Henry’s forces made the first move as banners advanced to the sound of trumpets.  As arrow range was reached, archers prepared, and on the King’s order a barrage of arrows, flew across the skyline, killing hundreds of French troops.

The battle raged, along the English line, archers abandoned their bows and joined knights and men-at-arms in hand to hand combat against the French.  In less than two hours, the battle was an English victory… and remnants of the French army vacated the battlefield.

The English army consisted of 5,000 knights, men-at-arms and archers.  The French army consisted of some 30,000 knights, men-at-arms and crossbowmen, of which 8,000 are believed to have died.

The Battle of Agincourt wiped out three French dukes, the Constable of France, nine Counts, and ninety Lords and close to 5,000 knights.  In response England’s losses were few; Edward, the Duke of York and 500 knights, men-at-arms and archers.

In 1417, Henry started a new campaign against France, the conquest of previously controlled English lands in France.  In January 1419, Rouen the Norman capital fell, which opened the way to Paris.

On the 10th September 1419, Duke John of Burgundy was assassinated in revenge for the murder of Louis duc d’Orleans, as the Burgundian faction joined forces with the English.

King Henry V of England, contracted fever at Meaux and died on the 31st August 1422, and was succeeded by his son; Henry VI.  Henry V’s brother, Duke John of Bedford, became Regent to the ten month old King.

King Charles VI of France died on the 21st October 1422, and the dauphin Charles, claimed the throne of France as King Charles VII.  Yet he didn’t have the backing of the people of France, and was only acknowledged as King by the people of Southern France.

The Duke of Bedford acting as King’s Regent, expanded English lands in France, as Maine came under English control.

The final phase of the Hundred Years War began with the birth of a French peasant girl, back in 1412: Joan of Arc (Jeanne d’Arc).  In 1425 she claimed she heard voices from God; her mission in life was to save France by expelling their enemies… the English!

King Henry V of England claimed his right to the French throne and following their rejection, invaded France in August 1415 and went on to defeat Armagnac’s army at the “Battle of Agincourt” on the 25th October 1415.

Henry V conquered much of northern France in 1417, gaining support from Duke Philip III of Burgundy, for he agreed Henry V had a legal claim to the French throne.

In 1428 Joan of Arc met with Duke Charles after many rejections at his palace in Chinon.  She promised him, if he gave her an army she would turn round the war in his favour, and she would see him take his rightful place and crowned King of France at Reims.  There was much opposition to such an idea from loyal supporters of Charles, but he gave her a chance … one wonders what he saw in her.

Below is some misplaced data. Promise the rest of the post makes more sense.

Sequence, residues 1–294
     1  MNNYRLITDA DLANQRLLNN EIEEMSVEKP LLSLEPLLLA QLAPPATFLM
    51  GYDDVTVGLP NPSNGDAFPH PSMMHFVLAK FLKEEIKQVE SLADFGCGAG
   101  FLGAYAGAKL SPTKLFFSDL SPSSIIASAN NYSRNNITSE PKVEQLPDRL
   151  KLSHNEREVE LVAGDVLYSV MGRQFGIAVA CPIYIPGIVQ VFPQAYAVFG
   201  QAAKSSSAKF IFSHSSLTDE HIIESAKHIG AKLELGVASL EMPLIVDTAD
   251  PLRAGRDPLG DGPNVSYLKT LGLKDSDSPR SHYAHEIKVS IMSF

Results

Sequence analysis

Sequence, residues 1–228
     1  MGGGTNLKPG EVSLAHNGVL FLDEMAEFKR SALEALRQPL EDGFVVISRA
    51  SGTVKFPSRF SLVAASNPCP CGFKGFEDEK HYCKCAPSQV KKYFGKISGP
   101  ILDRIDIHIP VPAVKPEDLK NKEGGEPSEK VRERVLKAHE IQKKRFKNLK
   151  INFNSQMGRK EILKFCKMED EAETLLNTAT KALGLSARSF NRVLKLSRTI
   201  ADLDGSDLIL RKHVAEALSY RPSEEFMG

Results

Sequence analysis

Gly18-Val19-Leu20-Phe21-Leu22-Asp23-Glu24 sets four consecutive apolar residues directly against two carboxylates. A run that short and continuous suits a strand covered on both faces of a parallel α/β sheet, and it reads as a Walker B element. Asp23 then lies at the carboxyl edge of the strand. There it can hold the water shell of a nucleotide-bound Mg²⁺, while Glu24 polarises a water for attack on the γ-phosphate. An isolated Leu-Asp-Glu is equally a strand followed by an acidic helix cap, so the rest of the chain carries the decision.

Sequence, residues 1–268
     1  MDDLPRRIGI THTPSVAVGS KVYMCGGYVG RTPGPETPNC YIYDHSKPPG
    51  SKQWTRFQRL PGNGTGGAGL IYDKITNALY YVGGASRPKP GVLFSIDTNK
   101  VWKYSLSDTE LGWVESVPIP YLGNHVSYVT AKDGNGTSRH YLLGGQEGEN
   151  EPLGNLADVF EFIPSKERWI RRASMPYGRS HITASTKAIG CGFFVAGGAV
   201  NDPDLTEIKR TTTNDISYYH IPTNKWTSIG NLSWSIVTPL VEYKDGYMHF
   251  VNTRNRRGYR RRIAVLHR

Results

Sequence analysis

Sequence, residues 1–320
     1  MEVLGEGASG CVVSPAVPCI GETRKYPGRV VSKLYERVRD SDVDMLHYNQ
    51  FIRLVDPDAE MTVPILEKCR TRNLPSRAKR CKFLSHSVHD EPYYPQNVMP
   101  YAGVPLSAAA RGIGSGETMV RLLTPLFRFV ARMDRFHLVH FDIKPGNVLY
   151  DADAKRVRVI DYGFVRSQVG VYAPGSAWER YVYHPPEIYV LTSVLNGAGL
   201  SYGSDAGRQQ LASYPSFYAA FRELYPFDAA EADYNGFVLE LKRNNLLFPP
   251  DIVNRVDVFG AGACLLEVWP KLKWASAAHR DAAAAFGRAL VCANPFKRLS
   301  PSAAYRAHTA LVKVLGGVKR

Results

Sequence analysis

In March of 1429, Joan of Arc led her army against the English as they were attacking Orlean’s.  She was dressed in white armour upon a white horse carrying a banner with the picture of “Our Saviour” holding the world with two angels at the sides on a white background covered with gold fleurs-de-lis.

Joan was to lead several assaults against the Anglo-Burgundian forces expelling them from their fortress, and forcing their retreat across the Loire River.  As her victories mounted, so did her fame, spread across France.

Joan kept her promise as Duke Charles was crowned King Charles VII of France in July 1429 at Reims.

After Joan’s capture in 1430 at the Battle of Compiegne, and burnt at the stake on charges of heresy.  Philip, the Duke of Burgundy renounced his English alliance at the Congress at Arras.  He accepted Charles VII as the true King of France, dealing a mortal blow to the English.

In 1444, King Henry VI of England married the French princess Margaret of Anjou, in an arranged marriage, part of an agreement towards peace.

In 1449, English warriors laid siege and looted Fougeres in Brittany.  In reply Charles VII, felt he was no longer bound by the terms of the peace treaty.

French forces captured Normandy and Gascony from the English during 1449-1451.  In 1452, a pro-English faction in Bordeaux called upon the English for assistance.  John Talbot, the Earl of Shrewsbury re-took Bordeaux.  On the 17th July 1453, John Talbot’s English force, proved no match against the French troops at Castillon, where they were defeated and Talbot died on the battlefield.

The final straw came on the 19th October 1453, when Bordeaux fell to the French.  England still had control of Calais, and it remained so up until 1558.  Up until the 1st January 1801, the title King of France was claimed by the English.

Effectively the “Hundred Years War” came to an end in 1453, and England was shocked by the loss of its overseas empire…

One Hundred Years War: (1350-1399)

In 1355, after a pause in hostilities due to Black Death sweeping across Europe, the war was on again.  Edward the Black Prince, son of Edward III, landed at Bordeaux in Western France, and marched his forces through Southern France to Carcassonne.  His failure in capturing the walled city, led to the withdrawal of his forces, and back track to Bordeaux.